Officials outline lethal removal of bison
By Felicia Fonseca
The Associated Press
FLAGSTAFF, Ariz. — Skilled shooters will get the first opportunity next fall to help reduce the herd of bison roaming the far northern reaches of Grand Canyon National Park.
Don’t call or write asking how to volunteer, officials say. Those details are still being worked out.
An agreement reached between the park and Arizona wildlife officials in late September gives some indication of how lethal removal will play out. It comes three years after the park included it as a management tool, along with corralling and hazing, to remove hundreds of bison from the North Rim.
“If the past is any indicator of the future, there’s going to be a lot of interest,” said Scott Poppenberger, a regional supervisor with the Arizona Game and Fish Department.
The massive animals that can weigh up to 1,000 pounds are descendants of those introduced to northern Arizona in the early 1900s as part of a ranching operation to crossbreed them with cattle. The state of Arizona now owns them, and hunting tags for the forest adjacent to the Grand Canyon are hugely popular.
The animals now largely spend their time within the boundaries of Grand Canyon National Park where hunting is prohibited. Left unchecked, officials say they could further destroy vegetation and water resources.
The Grand Canyon has shipped out fewer than 100 of them over the past two years, which has not been enough to get the bison population down to a goal of around 200 within a few years. The park has put collars on some bison to study their migration patterns and get a better estimate of the size of the herd believed to number around 600.
Those picked as potential volunteers for the lethal removal of bison will be vetted by officials from the Grand Canyon and the Game and Fish Department. The volunteers will have to prove firearms proficiency and pass a federal background check.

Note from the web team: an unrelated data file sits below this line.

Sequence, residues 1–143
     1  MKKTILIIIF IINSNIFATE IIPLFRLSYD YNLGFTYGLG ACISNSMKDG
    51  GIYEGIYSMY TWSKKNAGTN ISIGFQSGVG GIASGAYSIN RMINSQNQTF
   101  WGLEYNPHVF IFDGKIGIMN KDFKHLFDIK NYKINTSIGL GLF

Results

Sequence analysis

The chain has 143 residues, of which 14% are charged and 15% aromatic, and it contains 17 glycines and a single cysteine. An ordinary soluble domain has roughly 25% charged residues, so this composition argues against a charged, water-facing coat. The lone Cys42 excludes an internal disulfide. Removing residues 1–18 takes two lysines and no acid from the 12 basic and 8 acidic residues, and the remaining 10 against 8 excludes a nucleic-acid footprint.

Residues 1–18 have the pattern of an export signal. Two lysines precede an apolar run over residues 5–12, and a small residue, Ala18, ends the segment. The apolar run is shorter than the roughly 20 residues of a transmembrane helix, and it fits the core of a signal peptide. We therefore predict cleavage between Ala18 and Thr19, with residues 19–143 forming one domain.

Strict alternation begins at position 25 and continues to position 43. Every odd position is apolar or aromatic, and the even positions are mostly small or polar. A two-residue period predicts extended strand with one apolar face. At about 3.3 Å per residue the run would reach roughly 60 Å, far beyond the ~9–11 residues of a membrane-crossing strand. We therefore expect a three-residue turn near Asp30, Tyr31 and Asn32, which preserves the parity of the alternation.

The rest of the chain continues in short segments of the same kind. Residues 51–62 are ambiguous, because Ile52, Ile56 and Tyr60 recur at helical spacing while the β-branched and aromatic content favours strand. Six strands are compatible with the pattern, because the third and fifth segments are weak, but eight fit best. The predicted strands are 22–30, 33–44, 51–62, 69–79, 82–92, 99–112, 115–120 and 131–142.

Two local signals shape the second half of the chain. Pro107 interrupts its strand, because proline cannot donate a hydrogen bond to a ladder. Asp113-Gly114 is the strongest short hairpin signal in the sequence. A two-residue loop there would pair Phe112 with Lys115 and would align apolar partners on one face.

Once selected, three volunteers will work in a team with a support crew that’s overseen by a National Park Service employee to search out bison over a one-week period. Much of the work would be done on foot in elevations of 8,000 feet or higher between October and May when the road leading to the Grand Canyon’s North Rim is closed.
The park service would select the age and sex of the bison targeted. Non-motorized carts, sleds and livestock would be used to transport the bison to the nearest road.
The number of bison allowed to be shot per team would depend on the number of skilled volunteers, each of whom would be able to keep one carcass, though not necessarily the one they shot.
The Grand Canyon and Arizona wildlife officials had been at odds for years over expectations for lethal removal. The Arizona Game and Fish Commission and GOP leaders pushed, at times through federal legislation, for hunters to do the work and to be able to keep their prey, including the hides and heads. The Grand Canyon pushed back, saying that’s not allowed in its regulations.
The arrival of Edward Keable, a former Interior Department assistant solicitor, as Grand Canyon superintendent earlier this year moved the talks forward, officials said.
“This is just one of Ed’s priorities to get buttoned up because it had been languishing for awhile,” said park spokeswoman Kaitlyn Thomas.
Skilled shooters must have their own gear and firearms to participate. Park service employees are prohibited from volunteering. Other details are expected to be released sometime next year.
Both the Grand Canyon and state officials stressed that lethal removal isn’t a hunt. The agreement is in place for five years. Tribes would be given equal opportunity to participate in lethal culling through separate pacts.
Alicyn Gitlin of the Sierra Club would rather see the bison removed entirely from the area and a requirement that volunteers know how to navigate the rugged and remote North Rim.
“I’m very nervous about there being a perpetual dependency on this use of people having to go into the park and shoot,” she said.